The Strange Affair of Spring Heeled Jack

Mark Hodder
The Strange Affair of Spring Heeled Jack Cover

Strange Steampunk Mashup


[There are spoilers throughout. This novel is difficult to review without referencing certain events in the story. In my defense, many of the later twists are strongly foreshadowed early on. Also, a special thanks to Pyr Books for providing WWEnd with a review copy of this book.]

Mark Hodder's inaugural novel neatly rides the popular wave of pseudo-Victorian Steampunk while mixing in well-worn science fiction tropes like time travel and genetic engineering. It's obvious Hodder has done his homework, as his depiction of the Victorian era is very detailed, both in its representation of the society as it actually was and in the minor and major changes that have taken place as a result of a time travel incident. It's like reading a Dickens novel with ray guns.

The novel's protagonist is Richard Burton, who in real history was something of a failed explorer (he made an early attempt to find the source of the Nile), a maligned statesman (tossed about from one consulship to another in later life) and a bit of a pervert (the least offensive thing he did was to be the first to translate the Kama Sutra into English). The main crux of the novel hinges on the fact that Burton's career makes a major turn to the better when he is hired to investigate the mysterious Spring Heeled Jack by special assignment of the Prime Minister. In this new timeline Burton feels that he barely escaped a horrible fate, validated during a collision with the aforementioned Jack, who tells Burton that nothing is as it ought to be.

Burton's partner, the story's secondary protagonist, is the minor poet Algernon Charles Swinburne. He's quite the opposite of Burton in many ways--short, thin, unathletic, somewhat effeminate--but he seeks the sort of life-threatening adventure that he feels is necessary to make his poetry great. That and the fact that he can easily disguise himself as a young chimney sweep gradually makes him an indispensable partner to Burton's investigation.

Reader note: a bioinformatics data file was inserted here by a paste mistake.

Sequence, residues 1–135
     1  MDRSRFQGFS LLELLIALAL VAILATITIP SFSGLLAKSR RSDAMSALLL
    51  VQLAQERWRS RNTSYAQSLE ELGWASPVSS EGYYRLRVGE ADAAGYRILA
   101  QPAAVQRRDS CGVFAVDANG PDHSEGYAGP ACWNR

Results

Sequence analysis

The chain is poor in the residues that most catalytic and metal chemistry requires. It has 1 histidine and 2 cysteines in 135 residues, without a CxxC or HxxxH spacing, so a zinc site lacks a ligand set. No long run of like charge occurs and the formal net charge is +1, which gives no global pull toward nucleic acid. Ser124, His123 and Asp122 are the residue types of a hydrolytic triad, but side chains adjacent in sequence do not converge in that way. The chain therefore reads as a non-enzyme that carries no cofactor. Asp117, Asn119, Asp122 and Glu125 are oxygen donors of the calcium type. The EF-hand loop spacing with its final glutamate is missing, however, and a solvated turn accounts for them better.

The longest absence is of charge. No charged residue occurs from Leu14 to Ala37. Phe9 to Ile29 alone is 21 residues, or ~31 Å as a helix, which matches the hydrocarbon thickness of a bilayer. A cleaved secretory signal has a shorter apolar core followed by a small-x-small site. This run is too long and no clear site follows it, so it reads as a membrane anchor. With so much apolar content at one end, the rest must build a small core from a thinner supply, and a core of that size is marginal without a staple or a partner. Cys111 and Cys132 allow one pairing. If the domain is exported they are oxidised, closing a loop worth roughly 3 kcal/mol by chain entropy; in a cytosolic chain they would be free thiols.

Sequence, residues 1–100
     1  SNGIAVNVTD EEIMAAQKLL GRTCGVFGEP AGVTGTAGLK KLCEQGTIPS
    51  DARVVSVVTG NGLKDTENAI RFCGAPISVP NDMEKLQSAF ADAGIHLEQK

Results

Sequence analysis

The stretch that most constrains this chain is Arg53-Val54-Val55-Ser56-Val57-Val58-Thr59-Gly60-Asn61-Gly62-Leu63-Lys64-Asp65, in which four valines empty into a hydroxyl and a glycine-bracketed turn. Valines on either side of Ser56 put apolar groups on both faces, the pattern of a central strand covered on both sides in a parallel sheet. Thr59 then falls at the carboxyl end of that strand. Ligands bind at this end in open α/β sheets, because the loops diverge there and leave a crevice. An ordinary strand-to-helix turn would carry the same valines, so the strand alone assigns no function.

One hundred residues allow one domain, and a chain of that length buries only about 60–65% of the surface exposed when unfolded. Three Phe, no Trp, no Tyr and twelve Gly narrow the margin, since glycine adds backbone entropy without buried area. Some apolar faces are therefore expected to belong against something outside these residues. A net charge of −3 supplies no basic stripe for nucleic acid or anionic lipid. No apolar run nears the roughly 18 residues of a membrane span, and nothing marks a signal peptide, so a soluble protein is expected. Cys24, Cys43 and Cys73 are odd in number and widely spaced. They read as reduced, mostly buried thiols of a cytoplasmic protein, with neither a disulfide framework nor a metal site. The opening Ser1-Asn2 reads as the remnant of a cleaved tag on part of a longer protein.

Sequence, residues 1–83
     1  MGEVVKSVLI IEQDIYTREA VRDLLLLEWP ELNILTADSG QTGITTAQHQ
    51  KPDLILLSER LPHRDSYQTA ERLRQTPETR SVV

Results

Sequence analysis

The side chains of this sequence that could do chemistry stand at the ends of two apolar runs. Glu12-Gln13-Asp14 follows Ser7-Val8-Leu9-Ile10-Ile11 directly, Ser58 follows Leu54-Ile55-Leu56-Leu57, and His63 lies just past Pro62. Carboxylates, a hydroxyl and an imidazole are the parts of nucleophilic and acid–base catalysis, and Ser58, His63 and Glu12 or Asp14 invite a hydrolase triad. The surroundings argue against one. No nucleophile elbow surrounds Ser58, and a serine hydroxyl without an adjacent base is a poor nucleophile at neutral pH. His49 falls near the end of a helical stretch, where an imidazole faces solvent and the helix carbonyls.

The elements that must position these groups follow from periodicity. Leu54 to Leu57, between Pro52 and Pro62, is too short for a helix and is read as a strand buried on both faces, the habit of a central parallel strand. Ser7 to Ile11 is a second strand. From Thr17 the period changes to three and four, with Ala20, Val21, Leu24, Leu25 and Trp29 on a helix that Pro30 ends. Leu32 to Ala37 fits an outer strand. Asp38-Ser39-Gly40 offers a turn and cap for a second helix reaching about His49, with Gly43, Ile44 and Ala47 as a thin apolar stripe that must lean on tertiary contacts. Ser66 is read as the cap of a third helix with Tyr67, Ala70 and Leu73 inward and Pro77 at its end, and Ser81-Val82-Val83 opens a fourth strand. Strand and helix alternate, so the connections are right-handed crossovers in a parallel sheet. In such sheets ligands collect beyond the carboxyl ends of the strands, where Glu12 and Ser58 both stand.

These two adventurers live in a world where Queen Victoria was assassinated on the same day Spring Heeled Jack was first spotted; a world in which the eugenics movement has progressed so far that super-intelligent dogs and birds act as message carriers; a world in which geothermal energy is tapped as a sustainable manner; a world in which cats act as living vacuum cleaners; a world where human brains can be transplanted into animal bodies and even into other human bodies to make double-brained beings; a world in which helicopter-like machines are common and genetic werewolves haunt the lower-class neighborhoods. This is the novel's biggest draw but also, I would argue, its major weakness, for it all hinges on the changes caused by one time traveler from the twenty-second century who effects all these changes simply by feverishly talking about the scientific wonders of the future to one man who happens to be well-connected. None of his own technology is reverse-engineered; apparently all that was needed to make all these changes happen in a few decades was to plant the ideas in a few minds. (The time travel logic itself is also very convoluted and self-contradictory. Badly written time travel always throws me out of the story while simultaneously giving me a headache.)

The plot revolves around a group of scientists attempting to perfect their social and genetic engineering plans. They want to create a perfect world, and they aren't afraid of murdering and causing widespread grief to bring this world about. This isn't the strongest aspect of the novel, which excels in describing its imaginative alternate England and the antics of its protagonists, but the worst that can be said of the plot is that it's just there to give our heroes something to do. One hopes that, now that the origin story is out of the way, the Burton and Swinburne team can proceed with their adventures without going through the motions of explaining why their world is the way it is. Honestly, the less time spent on that explanation the better, because it simply doesn't hold up to scrutiny.

Burton's major decision at the very end is amazingly cold-blooded and clearly defines his character as an anti-hero of ambiguous moral status. Even his fiancée Isabel is a clearly drawn character who could probably support a novel of her own. Swinburne is somewhat less defined since the novel follows Burton's point of view almost exclusively, but one hopes that future installments will spend more time with Swinburne and his poetic response to the strange world in which they live. Hodder's sequel The Curious Case of the Clockwork Man is due out this March, and this reader is definitely looking forward to seeing where he goes with the series.